• Flashcards, with pictures and words - to play collaborative matching games. 
  • Media (for instance, videos).  
  • Visual word mats. 
  • Bilingual keywords or glossaries, particularly for learners who are literate in their first language.

4. Modelling

Modelling provides learners with a written or oral model of the language that the teacher would like the learner to produce. Here are some examples of activities that model oral structures prior to writing taking place: 

  • Speaking frames: A speaking frame can be used orally to scaffold and practice models of vocabulary, language, and sentence structures for specific writing genres. For example, a sentence with a language pattern with gaps to complete not only provides the opportunity for learners to rehearse the language form, but also allows them to practise recalling the vocabulary in the gaps. Speaking frames can be adapted for different levels of English language proficiency. Roman soldiers is an example of a resource that performs this function. 
  • Shared reading: This can be carried out with the teacher first preparing a model of the text to write (for example, an instruction text). The teacher and the whole class or small groups of learners can read such a text together. The sentences in the text can have gaps for learners to fill in. This provides opportunity for the teacher to bring learners’ close attention to the specific language structures of the genre being taught.  
  • Substitution tables: A substitution table is a type of activity where a teacher provides a table giving model sentences with a range of choices for learners to select from, using a set pattern. It is a useful scaffolding resource which provides opportunity to rehearse and extend speaking skills, and in turn prepares learners for writing. A substitution table can be easily adapted for different levels of English language proficiency by providing visuals or sentences with different levels of complexity. Here is an example, from the resource How to Grow a Plant.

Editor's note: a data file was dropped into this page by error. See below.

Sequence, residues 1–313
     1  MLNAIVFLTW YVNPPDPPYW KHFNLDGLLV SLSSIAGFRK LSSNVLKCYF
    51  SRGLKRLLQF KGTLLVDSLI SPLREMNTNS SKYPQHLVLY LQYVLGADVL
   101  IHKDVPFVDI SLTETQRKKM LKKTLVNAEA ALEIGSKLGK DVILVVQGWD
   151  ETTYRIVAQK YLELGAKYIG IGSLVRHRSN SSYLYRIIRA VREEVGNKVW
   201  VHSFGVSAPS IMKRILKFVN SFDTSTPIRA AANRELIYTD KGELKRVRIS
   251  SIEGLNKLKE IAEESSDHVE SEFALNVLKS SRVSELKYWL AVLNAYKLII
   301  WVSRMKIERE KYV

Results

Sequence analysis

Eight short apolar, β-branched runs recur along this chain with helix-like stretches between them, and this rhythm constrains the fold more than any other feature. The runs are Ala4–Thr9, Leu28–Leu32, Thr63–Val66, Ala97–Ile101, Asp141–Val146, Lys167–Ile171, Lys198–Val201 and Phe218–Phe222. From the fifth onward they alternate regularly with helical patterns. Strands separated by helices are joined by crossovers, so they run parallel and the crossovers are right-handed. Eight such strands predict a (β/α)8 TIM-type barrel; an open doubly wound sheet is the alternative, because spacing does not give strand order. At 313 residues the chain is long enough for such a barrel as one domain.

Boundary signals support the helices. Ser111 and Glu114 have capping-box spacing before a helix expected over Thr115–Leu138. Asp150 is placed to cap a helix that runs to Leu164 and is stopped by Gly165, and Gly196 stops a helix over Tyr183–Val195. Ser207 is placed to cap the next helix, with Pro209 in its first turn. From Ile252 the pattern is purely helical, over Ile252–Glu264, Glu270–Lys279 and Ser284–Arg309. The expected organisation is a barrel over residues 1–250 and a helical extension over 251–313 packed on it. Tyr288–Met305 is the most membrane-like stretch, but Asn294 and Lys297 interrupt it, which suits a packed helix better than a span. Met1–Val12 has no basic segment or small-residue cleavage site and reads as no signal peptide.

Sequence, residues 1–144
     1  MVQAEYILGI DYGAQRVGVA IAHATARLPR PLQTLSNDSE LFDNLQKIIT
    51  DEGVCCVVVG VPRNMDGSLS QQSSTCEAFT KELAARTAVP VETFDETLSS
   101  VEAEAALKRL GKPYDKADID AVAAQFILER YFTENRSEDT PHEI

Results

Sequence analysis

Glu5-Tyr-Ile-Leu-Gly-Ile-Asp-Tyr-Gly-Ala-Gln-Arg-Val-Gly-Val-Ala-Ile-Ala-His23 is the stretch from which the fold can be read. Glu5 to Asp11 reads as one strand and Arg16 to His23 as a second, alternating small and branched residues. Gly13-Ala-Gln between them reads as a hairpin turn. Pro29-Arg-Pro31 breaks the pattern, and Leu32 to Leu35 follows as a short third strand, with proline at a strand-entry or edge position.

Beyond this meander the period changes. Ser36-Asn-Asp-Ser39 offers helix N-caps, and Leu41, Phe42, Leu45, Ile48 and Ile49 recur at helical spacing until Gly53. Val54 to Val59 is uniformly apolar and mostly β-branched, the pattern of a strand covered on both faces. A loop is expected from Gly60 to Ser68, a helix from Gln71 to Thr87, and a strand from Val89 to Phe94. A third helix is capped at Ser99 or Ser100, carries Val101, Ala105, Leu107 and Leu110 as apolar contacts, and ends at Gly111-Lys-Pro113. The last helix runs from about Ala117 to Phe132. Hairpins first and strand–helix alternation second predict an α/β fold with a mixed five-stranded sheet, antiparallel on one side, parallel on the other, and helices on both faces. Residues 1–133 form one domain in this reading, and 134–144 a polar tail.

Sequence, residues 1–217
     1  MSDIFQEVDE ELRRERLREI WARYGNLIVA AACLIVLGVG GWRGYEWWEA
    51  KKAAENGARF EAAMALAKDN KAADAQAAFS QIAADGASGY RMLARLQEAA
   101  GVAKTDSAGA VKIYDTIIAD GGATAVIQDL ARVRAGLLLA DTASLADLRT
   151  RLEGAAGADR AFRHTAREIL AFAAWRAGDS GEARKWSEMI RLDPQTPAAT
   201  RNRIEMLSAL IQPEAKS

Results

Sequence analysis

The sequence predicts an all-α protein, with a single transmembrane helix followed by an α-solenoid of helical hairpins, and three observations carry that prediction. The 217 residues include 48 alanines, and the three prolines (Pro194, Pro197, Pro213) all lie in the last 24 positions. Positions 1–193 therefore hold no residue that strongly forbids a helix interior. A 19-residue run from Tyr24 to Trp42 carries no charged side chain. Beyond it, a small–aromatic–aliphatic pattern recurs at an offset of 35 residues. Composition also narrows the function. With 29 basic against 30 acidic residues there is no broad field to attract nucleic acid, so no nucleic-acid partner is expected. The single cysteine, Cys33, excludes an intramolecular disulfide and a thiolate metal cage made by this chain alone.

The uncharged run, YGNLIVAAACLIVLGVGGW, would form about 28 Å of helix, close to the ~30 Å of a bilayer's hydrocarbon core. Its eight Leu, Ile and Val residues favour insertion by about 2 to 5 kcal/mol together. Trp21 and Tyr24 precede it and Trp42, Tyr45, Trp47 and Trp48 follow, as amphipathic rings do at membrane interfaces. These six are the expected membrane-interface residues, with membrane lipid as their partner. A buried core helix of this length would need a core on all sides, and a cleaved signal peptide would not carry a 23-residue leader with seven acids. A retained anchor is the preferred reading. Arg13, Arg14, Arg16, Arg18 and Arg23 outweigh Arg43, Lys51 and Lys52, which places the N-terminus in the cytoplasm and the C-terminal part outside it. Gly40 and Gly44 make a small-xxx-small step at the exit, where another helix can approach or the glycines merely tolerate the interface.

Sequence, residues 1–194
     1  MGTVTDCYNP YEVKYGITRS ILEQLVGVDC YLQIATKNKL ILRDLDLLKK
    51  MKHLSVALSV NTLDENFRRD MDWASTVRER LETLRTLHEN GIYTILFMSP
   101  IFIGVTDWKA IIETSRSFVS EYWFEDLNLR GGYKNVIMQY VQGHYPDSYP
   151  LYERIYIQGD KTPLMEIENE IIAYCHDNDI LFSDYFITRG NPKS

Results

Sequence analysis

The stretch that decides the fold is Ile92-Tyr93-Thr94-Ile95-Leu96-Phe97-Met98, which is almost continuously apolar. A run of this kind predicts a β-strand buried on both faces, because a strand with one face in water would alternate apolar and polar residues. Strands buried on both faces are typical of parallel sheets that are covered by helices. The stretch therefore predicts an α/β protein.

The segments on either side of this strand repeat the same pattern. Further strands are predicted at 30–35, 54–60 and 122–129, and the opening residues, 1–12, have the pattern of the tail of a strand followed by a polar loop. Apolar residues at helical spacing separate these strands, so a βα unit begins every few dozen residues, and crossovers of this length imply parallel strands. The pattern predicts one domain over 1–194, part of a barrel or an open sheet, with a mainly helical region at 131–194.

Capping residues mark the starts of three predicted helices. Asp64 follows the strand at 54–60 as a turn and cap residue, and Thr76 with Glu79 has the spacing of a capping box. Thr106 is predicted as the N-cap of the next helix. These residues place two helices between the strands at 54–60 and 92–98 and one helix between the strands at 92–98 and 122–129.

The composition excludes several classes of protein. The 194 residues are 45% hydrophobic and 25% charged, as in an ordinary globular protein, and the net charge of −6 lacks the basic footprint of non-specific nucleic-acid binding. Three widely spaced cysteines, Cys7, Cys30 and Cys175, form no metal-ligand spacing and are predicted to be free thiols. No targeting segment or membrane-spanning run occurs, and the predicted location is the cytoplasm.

• Sequencing jumbled up sentences: Learners work in pairs to sequence a set of sentences. These sentences can be matched to a corresponding visual.  
  • Joint construction of text: This involves the teacher and the learners writing together (shared writing). Learners are encouraged to contribute orally to the writing and act as scribes alongside the teacher to construct the text. During this process, you can use oracy strategies, for instance, prompt words or phrases, provide a choice of vocabulary to include, visual word banks, and recasting modelled language. This will scaffold language and support the participation of learners who use EAL. 

How talk to writing works

For talk to writing to be effective in the classroom teachers are advised to:

  • Plan for activities that ensure that the talk is embedded in meaningful contexts and is purposeful.  
  • Plan for talk that supports learners to develop and organise their ideas before writing. 
  • Carefully consider grouping learners. For example, place early English language proficiency band learners with peers who can provide good models of English and/or who share the same first language.